The Namibian Ports Authority through its Social Investment Fund recently donated a mobile office to the Navy Commander of the Namibian Police in the Erongo region. The office is intended to be used by the men and women in uniform manning the Walvis Bay COVID-19 Checkpoint. The need arose due to the fact that the staff members deployed at the checkpoint were being exposed to unfriendly weather elements that hampered their performance.

The donation, which comes at a time where the Erongo region continues to record an increase in the number of positive cases related to the COVID-19 virus will ensure that the law enforcers are able to dedicate their attention to executing their duties unhindered at the checkpoint.

The checkpoint became operational on 05 May 2020 when the Temporary Isolation Truck port facility was officially opened in collaboration with various stakeholders. The donation is valued at N$50,000.00 which will be used to pay the rental fee of the mobile office for the next 6 months subject to future renewals.

Namport has since the beginning of the outbreak in March 2020 spent over N$400,000.00 towards the fight against the COVID-19 pandemic. Its previous donations were towards the residents of the Twaloloka Informal Settlement in Kuisebmond by providing them with twenty (20) mobile toilets, medical equipment, and supplies to the COVID-19 Isolation Facility at the Walvis Bay State Hospital, hand sanitizers, and high-risk gloves, plus 240 branded water bottles.

In the same disposition, Namport made a monetary donation towards the Walvis Bay Corridor Group Wellness team to purchase gloves and thermal guns which would be used at border posts against the fight of the COVID-19 pandemic. Finally, the entity also made a donation towards the Keetmanshoop Police in the ||Karas region.

The Namibian Ports Authority continues to closely monitor the requirements throughout the progression of the pandemic and within its means, and has pledged to do its best in continuing to contribute towards the national efforts to cushion the impact of the outbreak.

African record for Reefer lifts on a single vessel achieved at the Port of Walvis Bay
Maersk made history on 21 June 2020 at the Port of Walvis Bay when they broke their own African record for Reefer lifts on a single vessel, SANTA ROSA. Reefers are containers that carry refrigerated cargo like citrus, meat, and fish. A record of 334 live (full) reefers was lifted at the Port of Walvis Bay.

Santa Rosa sailed from Walvis Bay carrying a record of 1,763 live reefers primarily of South African fruit beating the previous record of Maersk Lebu of 1,682 live reefers. Maersk and Safmarine account for 1,326 of those 1,763 reefers which are also a new record beating previous record of 1,244.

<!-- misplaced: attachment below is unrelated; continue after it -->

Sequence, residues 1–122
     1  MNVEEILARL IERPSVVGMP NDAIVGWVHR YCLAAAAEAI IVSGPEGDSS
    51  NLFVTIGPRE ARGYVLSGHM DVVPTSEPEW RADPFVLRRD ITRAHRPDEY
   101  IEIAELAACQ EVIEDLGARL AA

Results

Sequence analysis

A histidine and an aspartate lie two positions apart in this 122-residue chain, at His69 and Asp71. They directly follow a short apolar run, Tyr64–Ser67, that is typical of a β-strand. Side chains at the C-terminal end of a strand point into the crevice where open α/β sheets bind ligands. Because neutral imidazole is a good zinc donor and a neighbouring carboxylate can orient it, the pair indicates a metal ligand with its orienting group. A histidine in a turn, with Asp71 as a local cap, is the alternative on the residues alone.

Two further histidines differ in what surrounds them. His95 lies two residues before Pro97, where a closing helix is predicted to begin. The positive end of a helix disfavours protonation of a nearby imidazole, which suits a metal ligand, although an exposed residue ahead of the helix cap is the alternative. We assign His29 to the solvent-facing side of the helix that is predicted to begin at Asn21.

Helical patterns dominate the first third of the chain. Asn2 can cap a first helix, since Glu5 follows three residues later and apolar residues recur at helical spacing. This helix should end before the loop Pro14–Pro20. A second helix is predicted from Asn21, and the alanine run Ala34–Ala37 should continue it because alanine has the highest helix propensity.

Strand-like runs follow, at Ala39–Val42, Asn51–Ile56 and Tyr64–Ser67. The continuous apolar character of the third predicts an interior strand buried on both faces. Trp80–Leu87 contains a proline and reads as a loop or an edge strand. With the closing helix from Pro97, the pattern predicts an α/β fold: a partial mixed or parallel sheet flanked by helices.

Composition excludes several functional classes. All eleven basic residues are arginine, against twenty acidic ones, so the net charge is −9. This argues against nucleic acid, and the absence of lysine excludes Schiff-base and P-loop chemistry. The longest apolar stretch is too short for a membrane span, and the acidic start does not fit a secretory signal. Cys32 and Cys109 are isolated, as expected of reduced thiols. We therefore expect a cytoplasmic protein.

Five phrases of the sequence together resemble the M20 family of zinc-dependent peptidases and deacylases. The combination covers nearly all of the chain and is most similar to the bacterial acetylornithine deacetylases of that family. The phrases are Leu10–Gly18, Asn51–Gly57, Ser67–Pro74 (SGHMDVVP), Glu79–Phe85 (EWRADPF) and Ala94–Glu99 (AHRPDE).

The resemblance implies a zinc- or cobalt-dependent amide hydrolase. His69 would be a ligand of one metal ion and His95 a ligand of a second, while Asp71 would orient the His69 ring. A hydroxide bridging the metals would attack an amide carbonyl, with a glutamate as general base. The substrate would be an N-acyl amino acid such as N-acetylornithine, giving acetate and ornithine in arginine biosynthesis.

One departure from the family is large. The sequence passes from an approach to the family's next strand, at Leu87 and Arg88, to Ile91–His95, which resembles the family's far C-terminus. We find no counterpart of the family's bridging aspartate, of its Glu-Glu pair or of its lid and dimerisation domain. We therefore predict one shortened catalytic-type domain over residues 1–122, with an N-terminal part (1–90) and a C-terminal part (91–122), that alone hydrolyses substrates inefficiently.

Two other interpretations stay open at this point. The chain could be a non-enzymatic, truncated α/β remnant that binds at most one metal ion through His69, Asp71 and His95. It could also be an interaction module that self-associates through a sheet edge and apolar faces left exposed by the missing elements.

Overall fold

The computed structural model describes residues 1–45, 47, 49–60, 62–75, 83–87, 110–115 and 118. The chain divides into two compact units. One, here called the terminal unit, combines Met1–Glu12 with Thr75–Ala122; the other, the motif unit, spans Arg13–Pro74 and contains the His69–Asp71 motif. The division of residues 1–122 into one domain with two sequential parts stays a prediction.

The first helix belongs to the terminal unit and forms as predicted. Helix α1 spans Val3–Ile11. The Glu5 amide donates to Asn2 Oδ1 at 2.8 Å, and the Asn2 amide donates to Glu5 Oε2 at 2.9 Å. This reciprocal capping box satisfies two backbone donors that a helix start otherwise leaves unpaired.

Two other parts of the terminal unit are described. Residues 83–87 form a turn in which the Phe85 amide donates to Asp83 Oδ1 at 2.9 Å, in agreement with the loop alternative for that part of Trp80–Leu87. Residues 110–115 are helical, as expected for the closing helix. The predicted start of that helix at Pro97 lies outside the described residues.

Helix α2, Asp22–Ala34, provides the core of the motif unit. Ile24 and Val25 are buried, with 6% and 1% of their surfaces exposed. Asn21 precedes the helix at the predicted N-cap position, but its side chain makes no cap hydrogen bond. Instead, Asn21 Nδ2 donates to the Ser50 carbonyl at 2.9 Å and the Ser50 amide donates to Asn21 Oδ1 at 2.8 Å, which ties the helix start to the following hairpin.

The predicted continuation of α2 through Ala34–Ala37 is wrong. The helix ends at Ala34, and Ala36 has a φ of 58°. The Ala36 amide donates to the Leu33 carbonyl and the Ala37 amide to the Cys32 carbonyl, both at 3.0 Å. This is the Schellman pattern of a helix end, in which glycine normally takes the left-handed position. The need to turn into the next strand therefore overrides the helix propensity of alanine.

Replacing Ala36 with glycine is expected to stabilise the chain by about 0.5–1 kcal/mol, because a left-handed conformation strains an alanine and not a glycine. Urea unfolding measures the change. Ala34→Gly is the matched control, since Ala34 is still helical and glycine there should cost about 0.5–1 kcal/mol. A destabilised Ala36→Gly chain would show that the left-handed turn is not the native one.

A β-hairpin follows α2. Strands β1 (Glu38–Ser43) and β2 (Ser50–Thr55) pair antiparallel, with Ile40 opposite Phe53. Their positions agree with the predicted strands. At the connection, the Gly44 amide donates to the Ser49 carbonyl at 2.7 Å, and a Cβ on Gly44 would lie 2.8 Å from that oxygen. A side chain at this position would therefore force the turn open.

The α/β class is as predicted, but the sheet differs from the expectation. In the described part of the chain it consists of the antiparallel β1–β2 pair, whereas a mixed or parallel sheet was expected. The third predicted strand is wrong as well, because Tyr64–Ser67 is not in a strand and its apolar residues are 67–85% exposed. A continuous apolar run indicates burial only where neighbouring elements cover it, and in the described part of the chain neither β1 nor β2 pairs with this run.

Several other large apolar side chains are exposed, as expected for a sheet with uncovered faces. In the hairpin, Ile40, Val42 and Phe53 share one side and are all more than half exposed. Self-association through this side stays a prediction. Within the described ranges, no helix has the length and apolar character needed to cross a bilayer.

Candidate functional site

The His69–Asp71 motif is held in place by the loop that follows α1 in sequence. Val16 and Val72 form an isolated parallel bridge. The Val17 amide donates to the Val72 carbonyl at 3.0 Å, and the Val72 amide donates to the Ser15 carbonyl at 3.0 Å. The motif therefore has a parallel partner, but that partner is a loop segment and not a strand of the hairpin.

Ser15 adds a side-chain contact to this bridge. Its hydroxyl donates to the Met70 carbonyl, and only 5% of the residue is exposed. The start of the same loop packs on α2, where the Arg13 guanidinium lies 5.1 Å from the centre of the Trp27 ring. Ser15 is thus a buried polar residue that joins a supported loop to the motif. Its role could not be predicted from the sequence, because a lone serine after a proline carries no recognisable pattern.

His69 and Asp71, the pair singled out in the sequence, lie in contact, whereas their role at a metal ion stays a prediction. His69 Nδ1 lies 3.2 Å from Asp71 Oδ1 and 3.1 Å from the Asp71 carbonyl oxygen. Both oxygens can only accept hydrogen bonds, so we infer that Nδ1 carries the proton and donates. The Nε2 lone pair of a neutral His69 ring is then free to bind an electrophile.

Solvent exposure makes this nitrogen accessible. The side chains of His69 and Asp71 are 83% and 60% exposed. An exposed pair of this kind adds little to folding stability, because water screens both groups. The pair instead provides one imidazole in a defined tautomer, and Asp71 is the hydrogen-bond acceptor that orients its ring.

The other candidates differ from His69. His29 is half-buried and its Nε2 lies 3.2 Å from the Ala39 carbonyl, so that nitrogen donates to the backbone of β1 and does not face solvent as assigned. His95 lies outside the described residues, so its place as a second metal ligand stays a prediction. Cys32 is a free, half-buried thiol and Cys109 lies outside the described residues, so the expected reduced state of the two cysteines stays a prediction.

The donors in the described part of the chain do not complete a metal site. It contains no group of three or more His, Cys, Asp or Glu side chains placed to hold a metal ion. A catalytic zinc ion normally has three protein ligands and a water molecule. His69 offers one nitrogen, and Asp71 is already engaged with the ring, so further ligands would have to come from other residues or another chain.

Mr. Louis Coetzee, Maersk Port Captain (Angola & Namibia), thanked the Namport team led by Mr. Adolph Egumbo for their assistance in breaking an African record and being part of maritime history. He further expressed his gratitude for a job well done and productivity achieved during these difficult times.

The Port of Walvis Bay continues to play a significant role in regional trade as the key gateway and transshipment Port of choice. This can be attributed to its location, productivity, and the seamless logistics that the port offers as well as its capacity to deliver on the customer satisfaction promise.

Vehicle imports continue during COVID-19

Although the breakout of the COVID-19 pandemic has negatively affected the movement of goods for all countries regardless of the mode of transportation, Namibia has managed to still record 2427 vehicles that were offloaded from various RORO vessels from the beginning of 2020 to date.

The latest RORO to sail the shores of Namibia was the Glovis Spirit Vessel which was seen at the Port of Walvis Bay mid-June discharging over 300 vehicles destined for various inland countries.

With the inauguration of the new container terminal in August 2019, space was created at the old container terminal which is currently being utilized as a multipurpose terminal. Vehicles are also parked here for more security and safety.

The Ports Authority is expecting to receive 12 more calls of RORO vessels till the end of this year.

Roll-on/roll-off (RORO or ro-ro) ships are cargo ships designed to carry wheeled cargo, such as cars, trucks, semi-trailer trucks, trailers, and railroad cars, that are driven on and off the ship on their own wheels or using a platform vehicle, such as a self-propelled modular transporter. This is in contrast to lift-on/lift-off (LoLo) vessels, which use a crane to load and unload cargo.

RORO vessels have either built-in or shore-based ramps or ferry slips that allow the cargo to be efficiently rolled on and off the vessel when in port.

WHO COVID-19 Advice